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Natural Compound Effective as Disinfectant for Contact Lenses

A new research study suggests that a substance found in nature could be a useful disinfectant for contact lenses, which are worn by millions of people globally.

Wearing contact lenses can sometimes lead to a serious eye infection called microbial keratitis, caused by bacteria like Pseudomonas aeruginosa. Previous studies found that existing disinfectants don’t effectively prevent the formation of biofilm, which are clusters of bacteria on lens surfaces.

Hydroquinine, a natural compound from certain tree barks, has been known to kill various harmful bacteria, including Pseudomonas aeruginosa, Staphylococcus aureus, Escherichia coli, and Klebsiella pneumoniae.

Researchers from the University of Portsmouth in England, along with universities in Thailand, investigated using multipurpose solutions containing hydroquinine to disinfect contact lenses. They found that these solutions could kill 99.9% of bacteria during disinfection, showing potential for combating P. aeruginosa.

The study, published in Antibiotics, suggests that this discovery could lead to the development of new disinfectants to fight P. aeruginosa bacteria.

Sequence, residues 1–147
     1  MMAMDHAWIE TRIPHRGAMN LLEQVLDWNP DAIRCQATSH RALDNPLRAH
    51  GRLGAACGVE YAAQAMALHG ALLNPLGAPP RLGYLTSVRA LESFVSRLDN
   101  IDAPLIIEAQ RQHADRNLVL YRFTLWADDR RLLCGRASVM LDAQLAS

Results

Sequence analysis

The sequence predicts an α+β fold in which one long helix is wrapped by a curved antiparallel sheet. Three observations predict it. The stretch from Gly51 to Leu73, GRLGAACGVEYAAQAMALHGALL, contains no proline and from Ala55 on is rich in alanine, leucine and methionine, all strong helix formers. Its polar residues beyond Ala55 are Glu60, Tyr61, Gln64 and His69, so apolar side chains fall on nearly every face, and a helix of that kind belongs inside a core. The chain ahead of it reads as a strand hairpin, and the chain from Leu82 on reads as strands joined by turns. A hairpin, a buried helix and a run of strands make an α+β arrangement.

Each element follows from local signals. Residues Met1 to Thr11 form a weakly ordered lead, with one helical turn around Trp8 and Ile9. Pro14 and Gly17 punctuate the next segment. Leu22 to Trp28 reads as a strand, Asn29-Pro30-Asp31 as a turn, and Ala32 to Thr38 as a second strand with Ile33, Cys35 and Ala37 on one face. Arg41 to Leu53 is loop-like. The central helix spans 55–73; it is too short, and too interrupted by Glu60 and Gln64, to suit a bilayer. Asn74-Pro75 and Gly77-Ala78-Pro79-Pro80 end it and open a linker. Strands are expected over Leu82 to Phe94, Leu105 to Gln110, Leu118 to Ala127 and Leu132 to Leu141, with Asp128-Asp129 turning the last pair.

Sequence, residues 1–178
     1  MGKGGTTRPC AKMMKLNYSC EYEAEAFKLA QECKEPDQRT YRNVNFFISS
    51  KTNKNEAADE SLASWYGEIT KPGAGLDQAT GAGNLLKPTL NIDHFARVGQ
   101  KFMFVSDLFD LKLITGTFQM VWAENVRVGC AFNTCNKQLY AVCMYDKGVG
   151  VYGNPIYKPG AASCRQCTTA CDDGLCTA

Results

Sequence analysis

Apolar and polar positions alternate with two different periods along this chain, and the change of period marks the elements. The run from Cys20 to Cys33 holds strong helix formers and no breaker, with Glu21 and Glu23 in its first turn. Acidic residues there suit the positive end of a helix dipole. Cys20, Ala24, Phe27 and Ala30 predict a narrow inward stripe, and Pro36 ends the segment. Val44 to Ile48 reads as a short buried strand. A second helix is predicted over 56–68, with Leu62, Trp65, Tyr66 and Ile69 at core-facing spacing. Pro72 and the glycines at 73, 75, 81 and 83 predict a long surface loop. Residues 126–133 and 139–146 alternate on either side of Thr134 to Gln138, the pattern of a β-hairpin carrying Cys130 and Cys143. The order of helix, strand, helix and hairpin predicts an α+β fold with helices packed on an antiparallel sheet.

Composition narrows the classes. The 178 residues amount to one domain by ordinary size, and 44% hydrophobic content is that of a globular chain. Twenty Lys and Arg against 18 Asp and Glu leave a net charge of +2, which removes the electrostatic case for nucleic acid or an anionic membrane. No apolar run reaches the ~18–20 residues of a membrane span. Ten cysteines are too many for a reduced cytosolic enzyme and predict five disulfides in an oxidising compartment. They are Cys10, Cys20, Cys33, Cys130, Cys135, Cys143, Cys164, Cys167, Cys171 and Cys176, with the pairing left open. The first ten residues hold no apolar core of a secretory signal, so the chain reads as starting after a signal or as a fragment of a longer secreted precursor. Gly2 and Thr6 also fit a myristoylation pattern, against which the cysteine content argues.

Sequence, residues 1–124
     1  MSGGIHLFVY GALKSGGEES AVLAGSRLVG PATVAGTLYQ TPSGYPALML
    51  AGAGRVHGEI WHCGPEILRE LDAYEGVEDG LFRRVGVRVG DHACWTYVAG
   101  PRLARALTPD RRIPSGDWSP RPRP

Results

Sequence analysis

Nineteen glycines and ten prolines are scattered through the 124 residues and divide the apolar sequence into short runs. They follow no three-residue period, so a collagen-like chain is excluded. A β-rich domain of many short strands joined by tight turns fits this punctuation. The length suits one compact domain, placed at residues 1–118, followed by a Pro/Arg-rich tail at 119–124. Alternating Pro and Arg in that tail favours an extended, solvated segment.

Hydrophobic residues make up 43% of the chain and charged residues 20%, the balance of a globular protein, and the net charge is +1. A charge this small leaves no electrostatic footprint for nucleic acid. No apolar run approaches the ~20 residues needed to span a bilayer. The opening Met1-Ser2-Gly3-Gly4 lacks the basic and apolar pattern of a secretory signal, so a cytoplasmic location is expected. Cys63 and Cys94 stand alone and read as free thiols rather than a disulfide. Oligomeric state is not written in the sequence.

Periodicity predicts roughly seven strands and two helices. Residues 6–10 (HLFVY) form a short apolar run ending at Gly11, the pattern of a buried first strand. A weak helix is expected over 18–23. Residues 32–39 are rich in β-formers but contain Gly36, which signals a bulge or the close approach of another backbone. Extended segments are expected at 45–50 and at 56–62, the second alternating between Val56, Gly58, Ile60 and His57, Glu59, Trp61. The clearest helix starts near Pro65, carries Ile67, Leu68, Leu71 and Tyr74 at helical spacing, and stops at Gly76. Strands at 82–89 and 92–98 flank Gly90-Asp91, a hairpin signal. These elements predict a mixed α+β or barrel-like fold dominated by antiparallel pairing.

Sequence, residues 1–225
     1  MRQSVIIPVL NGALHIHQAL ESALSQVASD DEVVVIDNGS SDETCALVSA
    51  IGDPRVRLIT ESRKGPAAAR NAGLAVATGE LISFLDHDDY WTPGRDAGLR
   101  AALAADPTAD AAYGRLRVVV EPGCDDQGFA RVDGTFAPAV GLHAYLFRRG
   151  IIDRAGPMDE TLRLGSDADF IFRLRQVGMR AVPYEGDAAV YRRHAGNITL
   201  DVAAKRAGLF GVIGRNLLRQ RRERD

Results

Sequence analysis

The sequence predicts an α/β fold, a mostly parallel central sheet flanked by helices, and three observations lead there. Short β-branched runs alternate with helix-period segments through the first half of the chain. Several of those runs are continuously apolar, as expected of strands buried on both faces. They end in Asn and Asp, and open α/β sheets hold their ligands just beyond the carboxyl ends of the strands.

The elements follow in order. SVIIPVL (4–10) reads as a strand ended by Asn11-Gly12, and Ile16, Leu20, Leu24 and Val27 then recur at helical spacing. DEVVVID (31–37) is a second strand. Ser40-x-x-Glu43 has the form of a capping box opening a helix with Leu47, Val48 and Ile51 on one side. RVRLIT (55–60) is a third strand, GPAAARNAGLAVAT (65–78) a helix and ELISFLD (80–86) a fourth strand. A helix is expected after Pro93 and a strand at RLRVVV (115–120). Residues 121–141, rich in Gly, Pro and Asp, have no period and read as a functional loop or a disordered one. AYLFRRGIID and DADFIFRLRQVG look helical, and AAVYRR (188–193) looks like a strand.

Dr. Robert Baldock from the University of Portsmouth explained that current commercial disinfectants may cause side effects, and using natural products like hydroquinine could reduce the risk of lens contamination.

The risk of microbial keratitis doubles when wearing contact lenses overnight or longer than recommended, leading to corneal infections that can cause permanent eye damage and vision loss.

The World Health Organization (WHO) identifies microbial keratitis as a significant cause of visual impairment, with drug-resistant P. aeruginosa being a major concern.

Hydroquinine, already known for treating malaria and muscle cramps, has shown promising results in preventing contamination in contact lenses. Further research is needed to confirm its safety and effectiveness, potentially leading to new disinfectants and reduced cases of corneal infections.

 




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